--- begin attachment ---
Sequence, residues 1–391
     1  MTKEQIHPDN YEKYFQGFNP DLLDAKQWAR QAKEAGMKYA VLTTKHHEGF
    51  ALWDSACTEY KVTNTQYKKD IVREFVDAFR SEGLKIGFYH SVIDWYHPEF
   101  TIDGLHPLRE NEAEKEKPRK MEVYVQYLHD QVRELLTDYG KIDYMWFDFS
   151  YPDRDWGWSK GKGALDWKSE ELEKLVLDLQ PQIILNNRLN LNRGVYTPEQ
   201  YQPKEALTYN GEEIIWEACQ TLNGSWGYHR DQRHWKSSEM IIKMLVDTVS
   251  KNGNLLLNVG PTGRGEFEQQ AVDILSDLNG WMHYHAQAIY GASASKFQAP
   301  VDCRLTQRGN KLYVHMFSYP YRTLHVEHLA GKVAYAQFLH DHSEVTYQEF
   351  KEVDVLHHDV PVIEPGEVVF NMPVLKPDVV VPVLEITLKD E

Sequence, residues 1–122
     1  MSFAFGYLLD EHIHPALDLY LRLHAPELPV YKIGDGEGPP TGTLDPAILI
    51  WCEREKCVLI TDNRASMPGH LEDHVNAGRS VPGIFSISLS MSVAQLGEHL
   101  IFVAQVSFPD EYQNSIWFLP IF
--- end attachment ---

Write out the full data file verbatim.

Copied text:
Sequence, residues 1–391
     1  MTKEQIHPDN YEKYFQGFNP DLLDAKQWAR QAKEAGMKYA VLTTKHHEGF
    51  ALWDSACTEY KVTNTQYKKD IVREFVDAFR SEGLKIGFYH SVIDWYHPEF
   101  TIDGLHPLRE NEAEKEKPRK MEVYVQYLHD QVRELLTDYG KIDYMWFDFS
   151  YPDRDWGWSK GKGALDWKSE ELEKLVLDLQ PQIILNNRLN LNRGVYTPEQ
   201  YQPKEALTYN GEEIIWEACQ TLNGSWGYHR DQRHWKSSEM IIKMLVDTVS
   251  KNGNLLLNVG PTGRGEFEQQ AVDILSDLNG WMHYHAQAIY GASASKFQAP
   301  VDCRLTQRGN KLYVHMFSYP YRTLHVEHLA GKVAYAQFLH DHSEVTYQEF
   351  KEVDVLHHDV PVIEPGEVVF NMPVLKPDVV VPVLEITLKD E

Sequence, residues 1–122
     1  MSFAFGYLLD EHIHPALDLY LRLHAPELPV YKIGDGEGPP TGTLDPAILI
    51  WCEREKCVLI TDNRASMPGH LEDHVNAGRS VPGIFSISLS MSVAQLGEHL
   101  IFVAQVSFPD EYQNSIWFLP IF